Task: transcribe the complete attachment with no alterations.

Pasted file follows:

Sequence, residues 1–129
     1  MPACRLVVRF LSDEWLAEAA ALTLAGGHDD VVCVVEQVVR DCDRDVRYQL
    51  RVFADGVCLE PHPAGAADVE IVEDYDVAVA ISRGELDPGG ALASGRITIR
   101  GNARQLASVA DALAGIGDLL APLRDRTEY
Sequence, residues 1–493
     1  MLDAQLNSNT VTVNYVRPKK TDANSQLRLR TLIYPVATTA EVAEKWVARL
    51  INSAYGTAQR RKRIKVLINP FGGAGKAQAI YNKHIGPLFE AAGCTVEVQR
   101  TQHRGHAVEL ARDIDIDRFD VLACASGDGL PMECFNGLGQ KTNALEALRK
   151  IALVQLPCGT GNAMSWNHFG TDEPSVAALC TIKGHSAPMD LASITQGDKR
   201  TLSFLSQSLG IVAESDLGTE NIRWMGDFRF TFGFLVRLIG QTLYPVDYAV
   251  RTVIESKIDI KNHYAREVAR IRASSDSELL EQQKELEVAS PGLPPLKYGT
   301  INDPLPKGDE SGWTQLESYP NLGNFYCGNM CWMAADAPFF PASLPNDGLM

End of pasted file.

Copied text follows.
Sequence, residues 1–129
     1  MPACRLVVRF LSDEWLAEAA ALTLAGGHDD VVCVVEQVVR DCDRDVRYQL
    51  RVFADGVCLE PHPAGAADVE IVEDYDVAVA ISRGELDPGG ALASGRITIR
   101  GNARQLASVA DALAGIGDLL APLRDRTEY
Sequence, residues 1–493
     1  MLDAQLNSNT VTVNYVRPKK TDANSQLRLR TLIYPVATTA EVAEKWVARL
    51  INSAYGTAQR RKRIKVLINP FGGAGKAQAI YNKHIGPLFE AAGCTVEVQR
   101  TQHRGHAVEL ARDIDIDRFD VLACASGDGL PMECFNGLGQ KTNALEALRK
   151  IALVQLPCGT GNAMSWNHFG TDEPSVAALC TIKGHSAPMD LASITQGDKR
   201  TLSFLSQSLG IVAESDLGTE NIRWMGDFRF TFGFLVRLIG QTLYPVDYAV
   251  RTVIESKIDI KNHYAREVAR IRASSDSELL EQQKELEVAS PGLPPLKYGT
   301  INDPLPKGDE SGWTQLESYP NLGNFYCGNM CWMAADAPFF PASLPNDGLM